Sermon on Isaiah 2:1-5 and Matthew 24:36-44 for the First Sunday of Advent, Year A, November 27, 2016

Isaiah 2:1-5

“The word that Isaiah son of Amoz saw concerning Judah and Jerusalem.screen-shot-2016-11-26-at-2-39-11-pm
In days to come the mountain of the Lord’s house
   shall be established as the highest of the mountains,
and shall be raised above the hills;
   all the nations shall stream to it.
Many peoples shall come and say,
   “Come, let us go up to the mountain of the Lord,
      to the house of the God of Jacob;
   that he may teach us his ways
      and that we may walk in his paths.”
For out of Zion shall go forth instruction,
   and the word of the Lord from Jerusalem.
He shall judge between the nations,
   and shall arbitrate for many peoples;
they shall beat their swords into ploughshares,
   and their spears into pruning-hooks;
nation shall not lift up sword against nation,
   neither shall they learn war any more.
O house of Jacob, come,
   let us walk in the light of the Lord!

Matthew 24:36-44

[Jesus said:]
“But about that day and hour no one knows, neither the angels of heaven, nor the Son, but only the Father. For as the days of Noah were, so will be the coming of the Son of Man. For as in those days before the flood they were eating and drinking, marrying and giving in marriage, until the day Noah entered the ark, and they knew nothing until the flood came and swept them all away, so too will be the coming of the Son of Man. Then two will be in the field; one will be taken and one will be left. Two women will be grinding meal together; one will be taken and one will be left. Keep awake therefore, for you do not know on what day your Lord is coming. But understand this: if the owner of the house had known in what part of the night the thief was coming, he would have stayed awake and would not have let his house be broken into. Therefore you also must be ready, for the Son of Man is coming at an unexpected hour.”

At Thanksgiving we had a lot of family around our table from Michelle’s side.  It was a img_7790great time for all of them to be with her father, whose heath is fragile.  He was able to be at the table with us, maybe for the last time at such a gathering – although who knows the future, right?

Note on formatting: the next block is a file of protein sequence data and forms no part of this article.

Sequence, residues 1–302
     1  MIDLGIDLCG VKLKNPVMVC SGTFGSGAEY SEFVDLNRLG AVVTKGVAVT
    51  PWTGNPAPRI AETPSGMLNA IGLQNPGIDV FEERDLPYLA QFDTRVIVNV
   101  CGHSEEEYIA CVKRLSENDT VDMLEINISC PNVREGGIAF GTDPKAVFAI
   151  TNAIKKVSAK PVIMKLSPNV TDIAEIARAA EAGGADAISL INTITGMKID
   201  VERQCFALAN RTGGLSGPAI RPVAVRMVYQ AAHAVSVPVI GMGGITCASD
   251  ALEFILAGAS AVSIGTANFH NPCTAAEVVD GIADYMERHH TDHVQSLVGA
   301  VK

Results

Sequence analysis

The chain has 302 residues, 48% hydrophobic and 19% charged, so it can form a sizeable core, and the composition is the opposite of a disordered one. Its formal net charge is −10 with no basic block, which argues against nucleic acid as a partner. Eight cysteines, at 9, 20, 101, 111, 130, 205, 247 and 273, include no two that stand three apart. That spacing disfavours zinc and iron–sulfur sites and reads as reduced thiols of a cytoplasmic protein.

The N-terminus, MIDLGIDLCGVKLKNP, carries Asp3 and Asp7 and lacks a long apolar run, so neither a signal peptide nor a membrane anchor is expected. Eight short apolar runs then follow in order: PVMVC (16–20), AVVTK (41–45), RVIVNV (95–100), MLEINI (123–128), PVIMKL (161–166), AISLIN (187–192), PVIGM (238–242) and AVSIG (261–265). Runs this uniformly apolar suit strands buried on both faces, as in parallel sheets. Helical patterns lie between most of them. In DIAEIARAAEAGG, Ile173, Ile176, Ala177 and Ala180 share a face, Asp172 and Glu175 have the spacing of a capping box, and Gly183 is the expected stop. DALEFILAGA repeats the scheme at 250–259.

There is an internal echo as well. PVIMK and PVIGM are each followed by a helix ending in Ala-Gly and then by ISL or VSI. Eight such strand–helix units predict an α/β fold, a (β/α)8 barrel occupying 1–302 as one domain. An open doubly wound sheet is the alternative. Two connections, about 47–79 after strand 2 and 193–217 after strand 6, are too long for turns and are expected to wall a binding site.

After he went to bed there were some conversations about end-of-life issues.  The conversation drifted from considering his end-of-life to our own.  One day we will all be there.

I have some pretty clear ideas about those days, and I’m sure you do too.  Not the specifics, but characteristics.  I know I want to get to those days, knowing that I have loved as best I can, and I want to know that I have been loved.

At the end of my life I also want to be able to say that whatever came of my life, good or bad, successes or failures, I lived authentically; that I was true to myself and my values.  I know I do not want to get to those days with unsettled regrets.

None of that happens by accident.  In order to have those positive elements characterize the end of our days, we intentionally set ourselves to live in certain ways that will produce those outcomes, and to not live in ways that produce opposite outcomes.

Nothing about this is by chance, any more than being in good health or being an accomplished musician happens by chance.  You have heard of the 10,000 hours of practice that it takes to become an expert – the same principle holds for the spiritual life as well.

This is why we believe and teach the importance of the regular practices of a Christian.  Practices like daily prayer and meditation, regular gathering for worship and fellowship, regularly giving of ourselves and our resources for others.  These are the normal and indispensable practices that, over time, produce the outcome of the life we want to have lived.